The New Orleans Pelicans and Zion Williamson are nearing a five-year, $231 million extension, Shams Charania reports this morning. It's the expected decision for the franchise, even as there are no shortage of questions surrounding the former No. 1 pick's ability to remain healthy and maintain his athleticism. It's also the only thing the Pelicans could do. Because while donning a contrarian hat and deciding that investing max money in this basket isn't the best course of action, the devil you know is always better than an unknown commodity.
Williamson has the talent to be a generational player. When he's been able to play, the production has been obvious. In 85 games over his three seasons, the power forward has averaged 25.7 points, 7.0 rebounds and shot 60.4 percent from the floor. He's efficient and forceful, and there's warranted belief his three-point weaponry will be honed with time.
Early returns this offseason all point in one direction. If a player has impact, they will be paid and they will be paid handsomely. New Orleans is saddled with the existing baggage yet the narrative would shift if another team came in to swoop up an available Zion. The conversation would center around his clear potential and belief he could move past early hiccups with a fresh start elsewhere. There's no reason that fresh start and new era cannot be with the Pelicans, who have paid their dues and have already invested in a player everyone agrees has All-NBA potential.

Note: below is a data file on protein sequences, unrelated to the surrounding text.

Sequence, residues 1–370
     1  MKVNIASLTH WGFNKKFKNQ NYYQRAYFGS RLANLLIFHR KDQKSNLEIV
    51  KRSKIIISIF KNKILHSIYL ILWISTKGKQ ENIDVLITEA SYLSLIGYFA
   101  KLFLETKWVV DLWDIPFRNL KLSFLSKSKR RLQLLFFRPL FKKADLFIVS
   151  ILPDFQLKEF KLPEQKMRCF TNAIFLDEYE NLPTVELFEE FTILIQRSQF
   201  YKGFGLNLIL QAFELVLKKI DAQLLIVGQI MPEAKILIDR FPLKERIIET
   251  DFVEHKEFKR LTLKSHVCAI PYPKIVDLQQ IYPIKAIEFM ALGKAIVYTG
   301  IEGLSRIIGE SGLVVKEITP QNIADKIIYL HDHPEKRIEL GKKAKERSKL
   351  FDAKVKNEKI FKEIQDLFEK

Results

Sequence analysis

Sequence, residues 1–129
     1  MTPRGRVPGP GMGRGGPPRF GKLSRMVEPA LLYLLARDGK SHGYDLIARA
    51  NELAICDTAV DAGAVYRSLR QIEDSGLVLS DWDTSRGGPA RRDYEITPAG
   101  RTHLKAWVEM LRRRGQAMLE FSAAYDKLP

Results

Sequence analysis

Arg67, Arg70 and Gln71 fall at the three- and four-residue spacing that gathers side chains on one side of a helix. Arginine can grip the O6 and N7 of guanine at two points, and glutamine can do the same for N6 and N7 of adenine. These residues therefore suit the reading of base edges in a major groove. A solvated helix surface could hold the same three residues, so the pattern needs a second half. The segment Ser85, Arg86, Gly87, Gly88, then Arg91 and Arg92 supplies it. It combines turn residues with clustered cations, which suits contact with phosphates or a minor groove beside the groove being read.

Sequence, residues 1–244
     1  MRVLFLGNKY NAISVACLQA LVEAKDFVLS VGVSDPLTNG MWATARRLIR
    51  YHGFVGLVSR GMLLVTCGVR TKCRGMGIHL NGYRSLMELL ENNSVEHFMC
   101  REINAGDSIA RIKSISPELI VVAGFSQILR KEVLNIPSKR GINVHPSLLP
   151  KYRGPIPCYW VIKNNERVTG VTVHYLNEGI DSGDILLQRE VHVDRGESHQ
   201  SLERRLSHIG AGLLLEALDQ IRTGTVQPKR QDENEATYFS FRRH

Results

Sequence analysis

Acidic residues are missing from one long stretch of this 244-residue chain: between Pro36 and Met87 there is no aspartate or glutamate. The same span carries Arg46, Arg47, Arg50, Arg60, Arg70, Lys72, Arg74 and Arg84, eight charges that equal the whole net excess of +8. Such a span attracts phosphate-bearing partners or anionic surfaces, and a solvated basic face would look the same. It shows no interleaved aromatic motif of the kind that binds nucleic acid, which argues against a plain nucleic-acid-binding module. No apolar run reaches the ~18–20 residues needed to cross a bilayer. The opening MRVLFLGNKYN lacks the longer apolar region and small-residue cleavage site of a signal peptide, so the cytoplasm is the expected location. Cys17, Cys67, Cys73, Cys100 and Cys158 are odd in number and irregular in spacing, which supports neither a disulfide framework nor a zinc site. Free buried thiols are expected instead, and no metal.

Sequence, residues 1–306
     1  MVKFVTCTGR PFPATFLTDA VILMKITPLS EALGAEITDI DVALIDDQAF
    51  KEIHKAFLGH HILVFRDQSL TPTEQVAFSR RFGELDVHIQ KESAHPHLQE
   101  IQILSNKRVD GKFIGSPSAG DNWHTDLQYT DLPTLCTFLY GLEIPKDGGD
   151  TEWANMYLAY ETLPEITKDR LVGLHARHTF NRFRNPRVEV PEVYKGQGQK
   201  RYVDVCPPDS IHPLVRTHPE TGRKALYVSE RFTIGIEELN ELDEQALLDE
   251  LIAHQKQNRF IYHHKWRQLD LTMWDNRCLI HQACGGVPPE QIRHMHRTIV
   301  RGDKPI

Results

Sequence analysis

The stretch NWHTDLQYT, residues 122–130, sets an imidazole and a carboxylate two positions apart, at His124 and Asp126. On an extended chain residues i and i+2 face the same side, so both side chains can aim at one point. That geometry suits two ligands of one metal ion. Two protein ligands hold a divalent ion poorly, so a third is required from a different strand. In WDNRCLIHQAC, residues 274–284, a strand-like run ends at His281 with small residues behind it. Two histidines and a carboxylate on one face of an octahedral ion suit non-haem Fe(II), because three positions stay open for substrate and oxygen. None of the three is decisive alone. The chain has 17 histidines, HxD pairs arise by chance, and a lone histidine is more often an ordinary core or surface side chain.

And as far as the pricing goes, consider a comp. Yesterday the Phoenix Suns gave Devin Booker a four-year, $214 extension, which averages out to $53.5 million/season. Williamson's reported figure clocks in at $46.2 million/year. Whether a team would rather have Booker or Wiliamson over the next few campaigns is at worst an open question. The Washington Wizards agreed to give Bradley Beal over $50 million in each of the next five years. The Los Angeles Lakers are bound to pay Russell Westbrook over $47 million in 2022-23. We know exactly who those guys are and, your mileage may vary, but it certainly seems like Zion has more upside potential to be a greater value.
New Orleans surprised many people by making the playoffs and scaring the Suns. They are young, hungry, and could perhaps soar higher than previous expectations. Adding Williamson to that core is extremely attractive.
If you're a very good player in today's NBA, someone is going to pay you a lot of money. Red flags are no longer red and franchises hope the sun bleaches them out to a light pink. New Orleans had a choice yet they really didn't.